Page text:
Medical providers are not out to cheat you. You seem really hung up on this for some reason. Educate yourself as to how insurance billing works. The rates negotiated have nothing to do with you personally.
posted by fluttering hellfire at 9:53 PM on September 10, 2017 [8 favorites]

A medical professional put it this way to me - think I'd insurance like a store card or discount club or Costco. By being a member, you get a lower rate.
posted by k8t at 10:39 PM on September 10, 2017 [1 favorite]

I just pulled my Explanation of Benefits from when I had the CFTR Gene Analysis done. Here's how it worked for my insurance:

Amount "Charged": $1,230.00
Insurance Network Discount: $145.97

Meaning that between insurance and the patient (me), we owed the hospital only $1,084.03. Not a huge discount for this particular test - 12%.

Here's another one from that same OB blood draw:
Amount "Charged": $47.60
Insurance Network Discount: $41.52

This one was entirely "out of pocket" for me, but with the discount I only paid $6. That's an 87% discount.
posted by muddgirl at 9:16 AM on September 11, 2017

The state of NY has very strict licensing guidelines for laboratories. Informed consent for genetic testing must be given, and the lab must have the form signed before proceeding with testing. California has stringent laws as well, but they do not require informed consent for genetic testing.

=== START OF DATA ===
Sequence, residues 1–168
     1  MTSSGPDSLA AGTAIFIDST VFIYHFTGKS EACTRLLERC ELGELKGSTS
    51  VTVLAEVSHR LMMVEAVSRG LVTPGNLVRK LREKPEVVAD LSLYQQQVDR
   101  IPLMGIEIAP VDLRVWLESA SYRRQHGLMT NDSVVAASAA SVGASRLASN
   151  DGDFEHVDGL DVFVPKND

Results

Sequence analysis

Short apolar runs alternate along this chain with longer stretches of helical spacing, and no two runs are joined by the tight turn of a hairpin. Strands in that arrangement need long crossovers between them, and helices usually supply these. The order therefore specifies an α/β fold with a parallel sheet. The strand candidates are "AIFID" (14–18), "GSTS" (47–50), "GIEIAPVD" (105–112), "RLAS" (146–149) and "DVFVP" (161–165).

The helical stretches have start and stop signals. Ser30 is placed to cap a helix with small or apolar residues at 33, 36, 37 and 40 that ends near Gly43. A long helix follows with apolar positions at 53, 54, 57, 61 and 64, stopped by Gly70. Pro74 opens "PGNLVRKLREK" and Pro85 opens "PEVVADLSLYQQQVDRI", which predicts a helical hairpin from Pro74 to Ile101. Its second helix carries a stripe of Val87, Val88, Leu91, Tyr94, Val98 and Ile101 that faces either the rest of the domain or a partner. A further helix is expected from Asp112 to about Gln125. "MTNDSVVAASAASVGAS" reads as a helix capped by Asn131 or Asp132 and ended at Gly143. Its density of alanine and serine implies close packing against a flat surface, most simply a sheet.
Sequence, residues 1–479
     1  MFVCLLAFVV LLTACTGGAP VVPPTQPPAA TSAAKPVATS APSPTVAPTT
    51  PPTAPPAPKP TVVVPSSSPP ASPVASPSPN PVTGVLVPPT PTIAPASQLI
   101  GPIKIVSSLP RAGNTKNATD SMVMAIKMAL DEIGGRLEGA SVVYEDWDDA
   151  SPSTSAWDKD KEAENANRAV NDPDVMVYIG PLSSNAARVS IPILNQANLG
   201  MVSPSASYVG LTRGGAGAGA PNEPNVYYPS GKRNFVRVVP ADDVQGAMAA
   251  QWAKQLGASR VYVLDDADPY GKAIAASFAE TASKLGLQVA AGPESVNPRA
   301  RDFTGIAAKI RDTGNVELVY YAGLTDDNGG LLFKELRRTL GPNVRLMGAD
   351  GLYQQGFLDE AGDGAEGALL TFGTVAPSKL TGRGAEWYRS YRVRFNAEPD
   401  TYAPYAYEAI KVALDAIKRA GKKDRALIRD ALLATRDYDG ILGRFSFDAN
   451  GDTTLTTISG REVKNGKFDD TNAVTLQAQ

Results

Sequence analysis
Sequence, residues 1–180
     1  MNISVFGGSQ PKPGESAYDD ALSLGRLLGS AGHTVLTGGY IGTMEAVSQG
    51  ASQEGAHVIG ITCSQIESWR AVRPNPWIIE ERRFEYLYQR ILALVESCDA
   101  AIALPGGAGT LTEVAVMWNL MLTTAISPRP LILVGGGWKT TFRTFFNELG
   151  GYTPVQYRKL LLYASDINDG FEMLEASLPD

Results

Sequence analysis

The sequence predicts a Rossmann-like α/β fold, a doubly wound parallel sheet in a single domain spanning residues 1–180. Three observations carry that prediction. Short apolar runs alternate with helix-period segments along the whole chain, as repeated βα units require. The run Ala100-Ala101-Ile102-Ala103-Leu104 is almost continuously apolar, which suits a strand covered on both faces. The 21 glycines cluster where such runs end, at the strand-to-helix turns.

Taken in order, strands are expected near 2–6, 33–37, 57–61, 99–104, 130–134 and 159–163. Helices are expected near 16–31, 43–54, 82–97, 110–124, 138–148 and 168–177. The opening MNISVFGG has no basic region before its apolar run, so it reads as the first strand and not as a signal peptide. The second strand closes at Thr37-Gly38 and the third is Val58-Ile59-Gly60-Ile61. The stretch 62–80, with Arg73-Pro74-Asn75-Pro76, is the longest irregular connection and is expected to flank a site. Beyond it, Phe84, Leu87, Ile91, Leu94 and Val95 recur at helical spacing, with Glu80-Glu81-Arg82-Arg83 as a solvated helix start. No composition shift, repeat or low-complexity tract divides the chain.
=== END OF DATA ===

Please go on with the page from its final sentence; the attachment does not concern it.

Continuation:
posted by txtwinkletoes at 11:44 AM on September 11, 2017 [1 favorite]

Just a quick correction in response to muddgirl's post: if you do not test positive for Rubella (meaning you are rubella non-immune, or in other words your childhood MMRs aren't still producing an adequate immune response to protect your from rubella) you *should not* be given the MMR during pregnancy. It is a live virus vaccine which you would be offered after you deliver.

What you should be offered during the later part of your pregnancy is a TDaP (tetanus, diphtheria, acellular pertussis) booster which will not only boost your antibodies, but also give some protection to your kiddo.
posted by eglenner at 10:40 PM on September 11, 2017 [1 favorite]